1.California has no laws controlling GM and needs them
2.ACTION ALERT FOR CALIFORNIA RESIDENTS - STOP PRE-EMPTION!
1.Santa Cruz County outlaws genetically engineered plants
COMMENT: Laws governing commercial produce critical, but backyard crops may still be at risk
San Francisco Chronicle, June 24, 2006
Monsanto's purchase of Seminis, the world's largest developer of fruit and vegetable seeds, in 2005 is probably part of a push to extend genetic engineering technology into commercially grown fruits and vegetables.
Under such brands as Seminis, Asgrow, Petoseed and Royal Sluis, Seminis supplies 3,500 seed varieties to 155 countries.
In the 1990s, soon after Monsanto developed the ability to cut bacteria genes and paste them into corn and soybean genomes, the company went on a buying spree, scooping up regional and national corn and soybean seed companies. Monsanto now dominates the biotech industry with its seeds or licensed traits present on 88 percent of the acreage planted with genetically engineered crops worldwide.
Without state regulation, when engineered fruits and vegetables reach the market, consumers who don't want them will have to buy organic.
But even organic and backyard produce may not be safe. DNA from engineered plants has spread over longer distances than previously expected and contaminated regular crops through wind and pollinators such as animals, birds and people.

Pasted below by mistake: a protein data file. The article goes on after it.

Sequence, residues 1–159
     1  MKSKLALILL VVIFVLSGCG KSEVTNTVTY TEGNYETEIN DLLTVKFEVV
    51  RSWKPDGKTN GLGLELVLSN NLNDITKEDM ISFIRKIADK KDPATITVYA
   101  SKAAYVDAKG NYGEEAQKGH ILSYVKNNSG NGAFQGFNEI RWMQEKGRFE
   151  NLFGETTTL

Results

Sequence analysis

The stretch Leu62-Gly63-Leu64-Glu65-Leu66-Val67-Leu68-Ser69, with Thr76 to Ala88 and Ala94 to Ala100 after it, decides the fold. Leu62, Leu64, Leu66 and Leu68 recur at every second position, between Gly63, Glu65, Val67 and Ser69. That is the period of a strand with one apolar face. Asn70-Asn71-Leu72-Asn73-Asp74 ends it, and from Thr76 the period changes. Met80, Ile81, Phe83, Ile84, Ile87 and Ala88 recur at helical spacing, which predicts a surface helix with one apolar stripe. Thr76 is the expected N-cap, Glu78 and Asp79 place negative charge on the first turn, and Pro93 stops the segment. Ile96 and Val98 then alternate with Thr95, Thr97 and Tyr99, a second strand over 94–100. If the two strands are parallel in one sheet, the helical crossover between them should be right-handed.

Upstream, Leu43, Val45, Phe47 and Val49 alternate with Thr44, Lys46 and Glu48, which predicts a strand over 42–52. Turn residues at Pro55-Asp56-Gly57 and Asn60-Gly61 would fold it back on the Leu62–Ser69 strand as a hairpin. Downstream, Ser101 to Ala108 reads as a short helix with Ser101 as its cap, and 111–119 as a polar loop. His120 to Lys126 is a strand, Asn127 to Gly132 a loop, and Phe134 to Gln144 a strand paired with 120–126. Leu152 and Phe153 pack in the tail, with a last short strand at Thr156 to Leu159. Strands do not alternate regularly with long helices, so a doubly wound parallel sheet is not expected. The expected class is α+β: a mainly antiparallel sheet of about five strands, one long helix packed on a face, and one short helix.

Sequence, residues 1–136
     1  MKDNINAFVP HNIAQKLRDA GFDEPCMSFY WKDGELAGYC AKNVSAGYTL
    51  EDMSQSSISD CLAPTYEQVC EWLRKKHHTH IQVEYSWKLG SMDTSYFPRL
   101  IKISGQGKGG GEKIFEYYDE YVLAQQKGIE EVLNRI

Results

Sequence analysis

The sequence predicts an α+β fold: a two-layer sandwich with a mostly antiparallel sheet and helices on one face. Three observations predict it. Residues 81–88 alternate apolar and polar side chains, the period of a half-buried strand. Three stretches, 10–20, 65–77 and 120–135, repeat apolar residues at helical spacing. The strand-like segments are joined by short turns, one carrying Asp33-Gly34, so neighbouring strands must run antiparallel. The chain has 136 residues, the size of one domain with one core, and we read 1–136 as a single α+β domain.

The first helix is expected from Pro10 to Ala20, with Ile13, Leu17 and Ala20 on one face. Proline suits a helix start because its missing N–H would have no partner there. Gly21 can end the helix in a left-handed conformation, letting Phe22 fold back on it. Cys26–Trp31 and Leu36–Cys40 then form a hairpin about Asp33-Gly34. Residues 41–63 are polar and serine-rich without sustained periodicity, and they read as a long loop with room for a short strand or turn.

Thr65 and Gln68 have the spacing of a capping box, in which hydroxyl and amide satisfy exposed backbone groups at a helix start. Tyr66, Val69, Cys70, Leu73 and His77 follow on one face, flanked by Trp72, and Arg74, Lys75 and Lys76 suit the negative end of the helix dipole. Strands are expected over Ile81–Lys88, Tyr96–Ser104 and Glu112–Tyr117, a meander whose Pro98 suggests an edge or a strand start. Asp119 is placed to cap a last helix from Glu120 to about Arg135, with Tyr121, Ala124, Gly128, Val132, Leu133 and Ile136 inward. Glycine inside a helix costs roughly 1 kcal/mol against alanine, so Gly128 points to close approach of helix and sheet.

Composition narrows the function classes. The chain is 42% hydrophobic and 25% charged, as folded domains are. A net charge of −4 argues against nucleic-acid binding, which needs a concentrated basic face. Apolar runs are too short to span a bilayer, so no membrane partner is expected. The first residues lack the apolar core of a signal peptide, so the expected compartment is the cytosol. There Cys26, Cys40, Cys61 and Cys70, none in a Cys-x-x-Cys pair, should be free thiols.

Under current federal law not even genetically engineered seed has to be labeled. Conceivably, growers could unknowingly buy and plant genetically engineered seed. (Bags of seeds of varieties genetically engineered to produce their own toxins do have to bear a label identifying active and inactive ingredients.)
The inadequacies of federal regulations are becoming increasingly apparent. In December 2005 the Department of Agriculture reported that its Animal and Plant Health Inspection Service -- the agency charged with controlling and monitoring genetically engineered test plots -- frequently does not know where genetically engineered tests are planted, if pollen containment protocols are in place or how test material is being disposed of.
And although genetically engineered modifications of fruits and vegetables important to the state's agriculture are poised to enter the field, California has no laws or regulations governing genetically modified organisms.
2.ACTION ALERT FOR CALIFORNIA RESIDENTS
On 28 June, the California State Assembly Agriculture Committee will consider a bill (SB 1056) that will take away local government authority over seed regulation. If passed, this bill will override restrictions on GM crops and seeds.
In 2005, a groundswell of organizational and citizen response stopped the California pre-emption attempts - help prevent the passage of this bill once and for all.
1. Call, email or fax your own Assembly member to ask them to oppose SB1056. True Food Network http://www.truefoodnow.org/ has set up an online action page or use the sample letter at http://www.lobbywatch.org/archive2.asp?arcid=6650
Call your local elected officials and encourage them to do the same.
3. Forward this email to everyone you know in California and urge them to take action!